As mainstream supermarkets expand their natural and organic sections, such products will probably continue to grow. One in every 160 people in the United States has an allergy to wheat and gluten, said Jim Kelly, chief executive officer of Van's International Foods, Torrance, Calif. "Our wheat-free business has been growing 25% a year."
Van's makes about 15 different varieties.
"In most natural food stores, we will have 10 to 15 of our items," he said. "Whole Foods, Wild Oats, all the gourmet specialty stores, like Gelson's, Draeger's, Andronico's -- that is primarily where we get a lot of our growth."
In the more mainstream supermarkets, like Vons or Ralphs in southern California, and in Stop & Shop on the East Coast, he said that often the natural and organic waffles will be found in a store inside a store, a section with frozen organic and natural foods. Other supermarkets will take two to four doors and commit them to the natural foods consumers. Van's supplies Costco in southern California and in the Northeast, also Wegmans Food Markets, Rochester, N.Y., Food Emporium and Trader Joe's.
"The mainstream channel is the area that is least developed so far. The costs involved with being a small company, slotting fees and all the programs that go with it, [are discouraging]," Kelly indicated.
Still, Van's is carried by Publix, Harris Teeter and selected Kroger stores, he said, and the organic version is carried nationwide by Albertson's stores.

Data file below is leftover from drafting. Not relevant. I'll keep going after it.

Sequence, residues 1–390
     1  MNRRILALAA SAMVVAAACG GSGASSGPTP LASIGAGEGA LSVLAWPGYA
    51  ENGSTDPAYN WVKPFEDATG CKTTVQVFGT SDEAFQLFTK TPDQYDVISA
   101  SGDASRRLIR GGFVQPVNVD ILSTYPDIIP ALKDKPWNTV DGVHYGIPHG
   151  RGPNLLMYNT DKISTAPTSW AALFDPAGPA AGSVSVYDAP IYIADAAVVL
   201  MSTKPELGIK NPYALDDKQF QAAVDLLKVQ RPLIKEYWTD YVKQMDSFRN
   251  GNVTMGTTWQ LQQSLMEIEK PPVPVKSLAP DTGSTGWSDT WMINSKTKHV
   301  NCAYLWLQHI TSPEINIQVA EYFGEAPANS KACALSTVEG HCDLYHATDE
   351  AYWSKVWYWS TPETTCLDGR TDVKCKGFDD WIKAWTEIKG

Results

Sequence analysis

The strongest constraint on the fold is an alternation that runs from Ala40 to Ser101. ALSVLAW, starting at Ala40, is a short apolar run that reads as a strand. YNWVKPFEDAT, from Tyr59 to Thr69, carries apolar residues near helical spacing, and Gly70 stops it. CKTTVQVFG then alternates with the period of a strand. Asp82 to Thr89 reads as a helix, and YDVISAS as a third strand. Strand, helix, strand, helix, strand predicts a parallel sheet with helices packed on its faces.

The organic waffles are getting new packaging, stating they are 95% organic under the new Organic Rule, which goes into effect in October.
While package redesign is always a great way to draw attention to a product, retailers told SN that promotions in this category are a real key to sales. When there aren't any, it doesn't go unnoticed.
Hahn, of Scolari's, complained that Swanson's hasn't been promoting its Great Starts breakfast line in the last two years. "When I ask them, they say they will respond to it," he said.
He noted that Lender's continues to promote its frozen bagels, even though fresh bakery bagels and Sara Lee packaged bagels, among others, have taken a big chunk of its business.
With the new Uncle Ben's Breakfast Bowls, "our initial struggle was just to get them in our warehouse and on our shelves. There's no promotion yet, but we definitely will promote them, and if there are allowances we will pass them along to the customer, as we have now with Eggo waffles," said Dahl's Rissman.
"Red Baron has a frozen breakfast pizza and some good quality items; we promote those when they have them on promotion. Our warehouses are quite active about promoting items to us," he added.
To add excitement to the breakfast section, he suggested building an endcap display to promote a little more. "You can always do demos. You can make it as exciting or as basic as you want."
He said Dahl's has demonstrated many frozen breakfast items in the past, including Pillsbury products and Red Baron breakfast pizzas. "It depends on how aggressive a person wants to be. A lot of it has to do with merchandising and how much you put into it."